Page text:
• We now have access to MBS on a case by case basis and will reserve this for patients with a history that really suggests high risk for silent aspiration- like stroke, head and neck cancer, prior trach, or those with suspected vocal fold trauma post extubation that doesn’t resolve. 

Hypoxia

  • Our institution is treating hypoxia due to COVID19 with Non-rebreather masks (plus or minus nasal cannula), as opposed to high flow nasal cannula or BIPAP- in efforts to create a seal during oxygen delivery and reduce aerosol generation. 
  • But what about eating and drinking? Perhaps our most challenging battle has been educating medical teams about the implications of desaturating and increased work of breathing with NRB removal to eat and drink- by altering respiratory/swallow coordination and increasing aspiration risk. 
  • Our service has deferred consults received when a patient is requiring an NRB and recommending NPO- we will assess the patient when stable and weaned to nasal cannula.  Some providers get it, some don’t. We keep in mind that some of these physicians are specialists now being asked to manage COVID patients and do our best to educate. In a preliminary look back of 27 consults that were deferred as the patient required an NRB at the time: 22 out of the 27 then expired. This would seem to support appropriateness of deferrals. But what about those patients we are not consulted on that eat/drink in this fashion and seem to do A-ok? 

Altered Mental Status/Dementia

  • Excluding ICU delirium- we have seen a significant amount of patients coming in with altered mental status in the setting of metabolic disarray from poor PO intake, or with lethargy in the setting of infection. We are frequently seeing this in the dementia population, and elderly patients with significant comorbidities.
  • These cases are tough (and sad). From a safety perspective, it has seemed quite obvious that this patient whose mental status is significantly altered is at high risk for aspiration. NPO! But we realized that COVID19 is quickly tipping many of these patients over the edge.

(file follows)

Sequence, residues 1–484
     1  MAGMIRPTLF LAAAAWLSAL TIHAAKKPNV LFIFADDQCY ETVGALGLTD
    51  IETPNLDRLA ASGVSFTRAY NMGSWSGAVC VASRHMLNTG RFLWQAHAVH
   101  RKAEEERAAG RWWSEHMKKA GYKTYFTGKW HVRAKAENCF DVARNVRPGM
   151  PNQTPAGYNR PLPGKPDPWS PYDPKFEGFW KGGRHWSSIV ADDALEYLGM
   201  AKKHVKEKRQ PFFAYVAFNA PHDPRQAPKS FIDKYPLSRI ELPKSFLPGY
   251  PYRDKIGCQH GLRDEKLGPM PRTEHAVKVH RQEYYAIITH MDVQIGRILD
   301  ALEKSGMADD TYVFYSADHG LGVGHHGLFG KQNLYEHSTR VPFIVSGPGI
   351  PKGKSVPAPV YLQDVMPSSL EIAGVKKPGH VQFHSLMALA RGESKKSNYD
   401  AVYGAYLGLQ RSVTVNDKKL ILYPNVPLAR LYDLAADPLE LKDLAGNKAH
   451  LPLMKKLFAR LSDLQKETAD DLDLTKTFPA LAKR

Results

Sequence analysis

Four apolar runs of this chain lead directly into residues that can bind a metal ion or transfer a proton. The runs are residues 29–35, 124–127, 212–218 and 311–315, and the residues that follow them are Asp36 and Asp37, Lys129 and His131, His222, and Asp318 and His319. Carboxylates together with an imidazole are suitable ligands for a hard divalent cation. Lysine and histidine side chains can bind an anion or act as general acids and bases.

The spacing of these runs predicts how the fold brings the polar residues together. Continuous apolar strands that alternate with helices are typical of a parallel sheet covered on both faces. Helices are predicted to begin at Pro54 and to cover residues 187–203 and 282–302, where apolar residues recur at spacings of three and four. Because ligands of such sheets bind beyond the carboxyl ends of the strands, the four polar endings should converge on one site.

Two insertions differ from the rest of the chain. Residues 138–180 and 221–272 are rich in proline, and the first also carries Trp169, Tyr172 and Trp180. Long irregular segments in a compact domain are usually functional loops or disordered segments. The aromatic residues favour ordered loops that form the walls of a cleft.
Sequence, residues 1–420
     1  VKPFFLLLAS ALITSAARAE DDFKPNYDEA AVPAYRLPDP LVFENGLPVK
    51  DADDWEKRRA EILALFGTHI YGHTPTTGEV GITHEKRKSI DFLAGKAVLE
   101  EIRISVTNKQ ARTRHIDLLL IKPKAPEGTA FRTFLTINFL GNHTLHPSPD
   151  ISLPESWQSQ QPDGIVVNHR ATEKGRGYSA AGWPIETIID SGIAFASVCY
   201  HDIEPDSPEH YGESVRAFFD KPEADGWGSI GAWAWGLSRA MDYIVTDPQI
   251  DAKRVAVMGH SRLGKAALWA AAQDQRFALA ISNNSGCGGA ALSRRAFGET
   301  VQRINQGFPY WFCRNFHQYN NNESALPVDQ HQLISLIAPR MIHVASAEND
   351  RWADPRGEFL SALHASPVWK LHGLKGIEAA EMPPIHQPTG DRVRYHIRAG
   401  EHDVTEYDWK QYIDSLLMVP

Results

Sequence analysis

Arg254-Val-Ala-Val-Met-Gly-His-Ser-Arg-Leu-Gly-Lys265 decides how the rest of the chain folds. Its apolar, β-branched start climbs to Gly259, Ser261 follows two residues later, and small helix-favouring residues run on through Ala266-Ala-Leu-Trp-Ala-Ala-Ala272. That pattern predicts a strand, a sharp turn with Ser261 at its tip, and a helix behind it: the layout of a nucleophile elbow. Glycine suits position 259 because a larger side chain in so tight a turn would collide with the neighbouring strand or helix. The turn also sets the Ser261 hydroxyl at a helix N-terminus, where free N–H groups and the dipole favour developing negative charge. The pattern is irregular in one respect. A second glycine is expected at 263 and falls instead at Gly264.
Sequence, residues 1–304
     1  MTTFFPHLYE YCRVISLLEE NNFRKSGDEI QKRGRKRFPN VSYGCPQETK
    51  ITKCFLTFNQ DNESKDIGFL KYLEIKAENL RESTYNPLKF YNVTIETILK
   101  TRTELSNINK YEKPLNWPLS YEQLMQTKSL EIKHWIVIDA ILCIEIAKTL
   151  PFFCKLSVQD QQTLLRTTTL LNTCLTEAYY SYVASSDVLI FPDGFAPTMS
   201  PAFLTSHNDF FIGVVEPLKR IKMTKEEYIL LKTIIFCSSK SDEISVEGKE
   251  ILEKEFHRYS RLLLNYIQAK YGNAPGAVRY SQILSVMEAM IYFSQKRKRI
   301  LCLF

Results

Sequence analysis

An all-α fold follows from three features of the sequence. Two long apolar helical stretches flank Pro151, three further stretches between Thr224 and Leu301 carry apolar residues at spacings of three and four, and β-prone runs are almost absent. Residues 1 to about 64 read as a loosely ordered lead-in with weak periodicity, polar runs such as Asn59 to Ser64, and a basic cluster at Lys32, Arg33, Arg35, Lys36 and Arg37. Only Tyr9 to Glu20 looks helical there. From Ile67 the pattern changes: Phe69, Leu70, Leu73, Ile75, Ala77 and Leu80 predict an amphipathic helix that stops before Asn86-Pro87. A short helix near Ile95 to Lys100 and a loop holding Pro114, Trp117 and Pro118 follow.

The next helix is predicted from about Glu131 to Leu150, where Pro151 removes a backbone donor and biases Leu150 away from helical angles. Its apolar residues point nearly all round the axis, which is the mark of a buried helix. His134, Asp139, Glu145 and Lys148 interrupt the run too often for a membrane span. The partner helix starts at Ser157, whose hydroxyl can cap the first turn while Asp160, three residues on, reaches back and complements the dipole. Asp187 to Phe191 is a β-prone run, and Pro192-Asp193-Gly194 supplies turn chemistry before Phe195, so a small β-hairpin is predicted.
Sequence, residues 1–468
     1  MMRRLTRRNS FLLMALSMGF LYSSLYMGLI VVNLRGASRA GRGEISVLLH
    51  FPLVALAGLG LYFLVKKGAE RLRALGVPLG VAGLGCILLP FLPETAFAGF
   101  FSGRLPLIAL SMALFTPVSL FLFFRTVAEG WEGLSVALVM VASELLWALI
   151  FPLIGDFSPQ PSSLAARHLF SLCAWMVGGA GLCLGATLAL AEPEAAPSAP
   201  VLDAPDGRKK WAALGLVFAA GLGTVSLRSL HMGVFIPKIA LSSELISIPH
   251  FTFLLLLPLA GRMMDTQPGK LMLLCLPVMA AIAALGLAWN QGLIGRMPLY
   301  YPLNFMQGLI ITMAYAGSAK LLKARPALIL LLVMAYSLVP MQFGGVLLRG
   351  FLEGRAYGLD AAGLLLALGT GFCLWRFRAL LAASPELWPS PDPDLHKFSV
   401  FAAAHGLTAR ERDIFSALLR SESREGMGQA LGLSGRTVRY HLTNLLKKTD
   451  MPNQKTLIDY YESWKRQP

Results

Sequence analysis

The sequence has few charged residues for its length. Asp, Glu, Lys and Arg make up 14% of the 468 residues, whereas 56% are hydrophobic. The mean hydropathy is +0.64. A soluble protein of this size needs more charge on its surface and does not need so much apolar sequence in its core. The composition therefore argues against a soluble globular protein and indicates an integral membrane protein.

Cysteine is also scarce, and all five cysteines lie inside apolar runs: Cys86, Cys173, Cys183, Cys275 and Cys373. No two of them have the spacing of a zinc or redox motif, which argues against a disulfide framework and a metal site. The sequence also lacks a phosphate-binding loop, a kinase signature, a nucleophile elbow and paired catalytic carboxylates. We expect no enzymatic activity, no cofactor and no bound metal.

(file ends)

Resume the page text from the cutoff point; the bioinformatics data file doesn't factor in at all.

• So we recently talked with our Palliative care team about early clarification of goals of care in regards to eating/drinking when families discuss DNR/DNI. We are asking about the patient’s prognosis, and if it is poor- suggesting teams consider liberalizing to comfort feeds to align more with the patient’s goals. 

Other Diagnoses

  • Stroke: as I write this, more and more literature is coming out about potential neurological consequences of COVID19.  We have continued to see stroke patients, as well as patients with recrudescence of their old stroke symptoms in setting of the infection.
  • Head and Neck Cancer: We have had two laryngectomees in house with COVID19. As our ENT floor had already turned into a COVID unit- these patients were admitted to random floors in the hospital. Most of our involvement here was education to nursing/medical staff on TL considerations and stoma care. Fortunately neither of these patients had TEPs! We sent information/care packages to all local TLs with TEPs with emergency items like a red rubber catheter. We are using telemedicine now for virtual management of patients undergoing radiation. 
  • Trachs: We are now tracheostomizing patients after significantly prolonged intubation. We are in ongoing discussions with our surgeons and critical care teams to discuss candidates and what post trach care and SLP intervention will look like.  

This is a broad glimpse into SLP/COVID-land at my hospital-it is definitely not exclusive. In some ways- treating COVID19 patients has been no different than treating other cases. We are using clinical judgement, critical thinking skills, and communicating with medical teams- as we always have done. We are still faced with the same challenges: NPO vs comfort feeds? Aspiration vs dehydration/ hypernatremia risk? Every patient is unique- we make recommendations on a case by case basis. 

But in other ways- our practice has drastically changed to accommodate the COVID19 situation. We are relying heavily on our bedside skills given the lack of access to instrumental assessment. We are deferring assessments until we feel the patient presentation is optimized. We stopped ambulatory appointments very early on and have transitioned to televisits for our outpatients. We are now admitting COVID patients to acute rehab!